Is Hiking Harder Than Running?

Hiking and running are both great cardio exercises that help tone and strengthen your core and lower body (via Livestrong). They're both good activities for your heart health and can vastly improve your athletic performance, stamina, and endurance. However, there are some notable differences between the two aerobic activities.

Despite their similarities, hiking and running activate different muscles in different ways. For instance, hiking generally engages the hamstrings more than running does. That's because running is actually easier on your hamstrings. Since running propels your body forward in a jumping motion, your hamstrings aren't extended as much as they are when your feet are planted on the ground.

The same goes for the glutes. As opposed to running, hiking requires your glutes, or gluteal muscles, to work harder in order to support both your weight and the weight of your hiking backpack. The degree to which your calf muscles are worked, on the other hand, largely depends on the terrain. Hiking and running uphill is much more strenuous on your calves than hiking or running on flat terrain. Overall, however, running has a stronger impact on your abdominal muscles.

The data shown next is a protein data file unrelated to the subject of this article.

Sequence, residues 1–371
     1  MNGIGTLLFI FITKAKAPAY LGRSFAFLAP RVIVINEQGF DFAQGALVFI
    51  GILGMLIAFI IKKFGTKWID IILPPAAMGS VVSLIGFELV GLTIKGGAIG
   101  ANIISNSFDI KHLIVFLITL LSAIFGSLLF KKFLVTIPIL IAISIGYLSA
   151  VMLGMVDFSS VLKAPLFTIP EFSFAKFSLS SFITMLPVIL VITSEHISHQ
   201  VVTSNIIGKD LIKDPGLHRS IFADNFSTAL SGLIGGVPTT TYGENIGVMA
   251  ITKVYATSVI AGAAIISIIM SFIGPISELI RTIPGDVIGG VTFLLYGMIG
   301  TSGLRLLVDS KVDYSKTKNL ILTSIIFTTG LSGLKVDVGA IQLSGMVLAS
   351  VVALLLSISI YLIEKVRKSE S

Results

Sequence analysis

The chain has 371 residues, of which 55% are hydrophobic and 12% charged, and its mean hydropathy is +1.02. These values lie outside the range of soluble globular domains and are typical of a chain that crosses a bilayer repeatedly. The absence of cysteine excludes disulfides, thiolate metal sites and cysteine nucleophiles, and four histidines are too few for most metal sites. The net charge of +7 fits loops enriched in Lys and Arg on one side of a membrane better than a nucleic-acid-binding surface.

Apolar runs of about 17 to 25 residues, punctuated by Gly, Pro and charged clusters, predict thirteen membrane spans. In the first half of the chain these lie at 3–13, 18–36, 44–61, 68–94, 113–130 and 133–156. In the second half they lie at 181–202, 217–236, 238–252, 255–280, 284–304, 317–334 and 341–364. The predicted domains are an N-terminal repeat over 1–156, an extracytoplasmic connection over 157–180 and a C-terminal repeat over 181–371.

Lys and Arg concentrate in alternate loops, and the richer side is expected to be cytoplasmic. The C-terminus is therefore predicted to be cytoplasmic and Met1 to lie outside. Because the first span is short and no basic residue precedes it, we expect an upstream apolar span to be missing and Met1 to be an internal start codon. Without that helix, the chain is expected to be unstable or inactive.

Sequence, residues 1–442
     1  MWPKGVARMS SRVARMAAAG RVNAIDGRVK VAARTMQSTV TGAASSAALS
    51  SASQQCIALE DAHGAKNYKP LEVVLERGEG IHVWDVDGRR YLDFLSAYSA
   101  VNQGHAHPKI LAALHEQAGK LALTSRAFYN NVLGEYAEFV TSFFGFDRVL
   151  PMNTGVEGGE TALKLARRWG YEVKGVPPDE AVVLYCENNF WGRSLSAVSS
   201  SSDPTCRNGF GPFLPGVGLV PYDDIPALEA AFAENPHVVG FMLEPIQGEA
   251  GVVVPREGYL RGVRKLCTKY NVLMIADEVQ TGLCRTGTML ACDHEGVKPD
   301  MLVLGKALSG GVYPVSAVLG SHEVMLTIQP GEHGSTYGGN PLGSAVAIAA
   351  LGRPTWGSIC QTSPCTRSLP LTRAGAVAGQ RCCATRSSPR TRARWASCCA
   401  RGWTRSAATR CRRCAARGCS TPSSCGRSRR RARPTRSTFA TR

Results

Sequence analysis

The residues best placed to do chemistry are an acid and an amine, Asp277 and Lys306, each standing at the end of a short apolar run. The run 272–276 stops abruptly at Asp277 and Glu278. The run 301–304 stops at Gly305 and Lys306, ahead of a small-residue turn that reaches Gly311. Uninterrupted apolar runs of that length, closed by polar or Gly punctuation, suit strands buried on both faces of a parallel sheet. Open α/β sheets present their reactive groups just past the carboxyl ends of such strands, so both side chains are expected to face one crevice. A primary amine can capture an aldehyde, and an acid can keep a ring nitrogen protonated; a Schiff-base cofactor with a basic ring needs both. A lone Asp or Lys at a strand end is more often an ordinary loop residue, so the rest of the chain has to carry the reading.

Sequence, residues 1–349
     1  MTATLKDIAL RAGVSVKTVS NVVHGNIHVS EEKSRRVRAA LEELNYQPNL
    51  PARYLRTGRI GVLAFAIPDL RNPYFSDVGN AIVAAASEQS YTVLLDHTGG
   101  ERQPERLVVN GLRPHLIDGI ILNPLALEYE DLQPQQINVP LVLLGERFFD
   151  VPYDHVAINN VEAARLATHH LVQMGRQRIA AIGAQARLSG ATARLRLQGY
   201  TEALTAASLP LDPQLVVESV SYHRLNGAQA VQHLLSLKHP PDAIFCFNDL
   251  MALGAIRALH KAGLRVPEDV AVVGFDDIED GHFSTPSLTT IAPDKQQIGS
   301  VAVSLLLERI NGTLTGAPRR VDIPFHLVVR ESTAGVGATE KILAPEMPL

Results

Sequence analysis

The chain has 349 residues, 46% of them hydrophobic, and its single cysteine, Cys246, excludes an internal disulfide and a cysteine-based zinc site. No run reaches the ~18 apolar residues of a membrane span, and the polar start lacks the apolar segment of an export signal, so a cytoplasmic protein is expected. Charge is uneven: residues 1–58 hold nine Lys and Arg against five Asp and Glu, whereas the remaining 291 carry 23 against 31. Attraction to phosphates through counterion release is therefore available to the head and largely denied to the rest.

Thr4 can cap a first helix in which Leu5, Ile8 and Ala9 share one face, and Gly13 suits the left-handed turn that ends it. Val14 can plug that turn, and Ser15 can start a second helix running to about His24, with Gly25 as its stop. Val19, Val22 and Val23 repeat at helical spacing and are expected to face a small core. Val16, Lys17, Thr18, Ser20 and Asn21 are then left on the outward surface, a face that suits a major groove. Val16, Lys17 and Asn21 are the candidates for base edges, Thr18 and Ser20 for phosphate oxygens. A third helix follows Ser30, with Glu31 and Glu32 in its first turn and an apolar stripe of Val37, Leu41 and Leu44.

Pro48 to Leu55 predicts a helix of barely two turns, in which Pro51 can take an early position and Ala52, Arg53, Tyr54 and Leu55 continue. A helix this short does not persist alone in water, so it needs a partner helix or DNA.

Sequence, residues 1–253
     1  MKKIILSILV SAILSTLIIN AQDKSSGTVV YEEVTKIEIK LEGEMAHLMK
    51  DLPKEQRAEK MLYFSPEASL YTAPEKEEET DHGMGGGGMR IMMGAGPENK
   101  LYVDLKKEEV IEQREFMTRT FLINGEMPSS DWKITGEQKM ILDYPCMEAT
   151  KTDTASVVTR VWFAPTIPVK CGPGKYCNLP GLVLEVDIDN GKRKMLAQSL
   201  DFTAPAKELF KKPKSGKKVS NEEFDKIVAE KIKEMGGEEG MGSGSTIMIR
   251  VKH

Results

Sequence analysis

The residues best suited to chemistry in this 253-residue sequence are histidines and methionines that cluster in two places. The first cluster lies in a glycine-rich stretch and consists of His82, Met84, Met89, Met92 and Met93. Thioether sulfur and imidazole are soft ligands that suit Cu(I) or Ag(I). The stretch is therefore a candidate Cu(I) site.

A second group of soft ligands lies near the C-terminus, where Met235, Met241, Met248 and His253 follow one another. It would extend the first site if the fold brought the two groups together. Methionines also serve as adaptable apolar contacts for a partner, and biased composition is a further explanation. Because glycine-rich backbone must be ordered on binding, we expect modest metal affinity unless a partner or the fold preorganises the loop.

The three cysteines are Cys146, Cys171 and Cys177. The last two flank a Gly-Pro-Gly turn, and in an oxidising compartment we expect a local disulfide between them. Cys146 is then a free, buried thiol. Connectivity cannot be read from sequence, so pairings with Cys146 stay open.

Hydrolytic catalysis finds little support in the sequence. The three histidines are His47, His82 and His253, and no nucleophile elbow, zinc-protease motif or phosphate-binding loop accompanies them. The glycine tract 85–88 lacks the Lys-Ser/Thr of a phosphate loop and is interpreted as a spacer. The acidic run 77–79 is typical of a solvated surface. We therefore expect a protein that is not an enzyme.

Which burns more calories?

Although running and hiking are both physically demanding exercises that are great for your overall health, running generally burns more calories than hiking (via Heathline). Even though running usually occurs on flat terrain, it burns twice as many calories as moderately-paced hiking. While the exact number of calories you burn depends on your weight and the speed and duration of your run, running is considered a more vigorous and high-intensity cardio exercise than hiking. As a result, running is a more effective and efficient way to lose weight. 

It's important to note, however, that people usually spend more time hiking than running. Depending on the length of the hike, hikers can potentially burn more calories in one trip than the average person burns in a single run. Nevertheless, there is no right or wrong choice between the two activities. At the end of the day, it all comes down to personal preference. Running and hiking are both great ways to tone your muscles, burn calories, and potentially lose weight.